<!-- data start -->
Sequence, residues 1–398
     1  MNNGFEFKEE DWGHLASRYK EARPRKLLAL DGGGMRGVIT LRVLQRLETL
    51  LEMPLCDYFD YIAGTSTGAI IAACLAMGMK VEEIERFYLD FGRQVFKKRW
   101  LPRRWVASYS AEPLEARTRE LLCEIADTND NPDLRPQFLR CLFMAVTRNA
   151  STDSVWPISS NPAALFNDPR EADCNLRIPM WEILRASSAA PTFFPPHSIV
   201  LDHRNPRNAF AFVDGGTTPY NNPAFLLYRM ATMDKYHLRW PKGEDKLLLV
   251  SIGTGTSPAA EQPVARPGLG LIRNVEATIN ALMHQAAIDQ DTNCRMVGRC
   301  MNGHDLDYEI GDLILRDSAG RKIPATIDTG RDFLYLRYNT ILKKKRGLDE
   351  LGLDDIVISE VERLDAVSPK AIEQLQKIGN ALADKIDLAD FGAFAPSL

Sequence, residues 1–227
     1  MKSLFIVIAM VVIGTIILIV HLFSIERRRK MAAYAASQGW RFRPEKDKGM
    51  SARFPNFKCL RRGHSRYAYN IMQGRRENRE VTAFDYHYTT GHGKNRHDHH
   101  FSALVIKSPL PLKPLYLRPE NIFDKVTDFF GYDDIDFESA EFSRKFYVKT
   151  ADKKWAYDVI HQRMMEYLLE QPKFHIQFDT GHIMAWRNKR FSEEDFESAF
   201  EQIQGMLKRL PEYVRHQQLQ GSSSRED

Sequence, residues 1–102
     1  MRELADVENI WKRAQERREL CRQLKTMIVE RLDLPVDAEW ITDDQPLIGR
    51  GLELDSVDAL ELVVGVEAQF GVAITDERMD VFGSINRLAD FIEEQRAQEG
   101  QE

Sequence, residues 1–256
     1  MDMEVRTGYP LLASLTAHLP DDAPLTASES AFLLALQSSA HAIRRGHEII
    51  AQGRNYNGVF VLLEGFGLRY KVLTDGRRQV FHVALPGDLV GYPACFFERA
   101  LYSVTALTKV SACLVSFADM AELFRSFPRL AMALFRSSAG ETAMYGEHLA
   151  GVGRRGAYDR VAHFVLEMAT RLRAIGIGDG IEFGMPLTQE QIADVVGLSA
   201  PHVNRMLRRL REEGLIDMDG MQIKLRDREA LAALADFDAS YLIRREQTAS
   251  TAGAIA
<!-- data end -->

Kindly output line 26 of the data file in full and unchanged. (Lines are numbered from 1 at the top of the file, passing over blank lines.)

   251  TAGAIA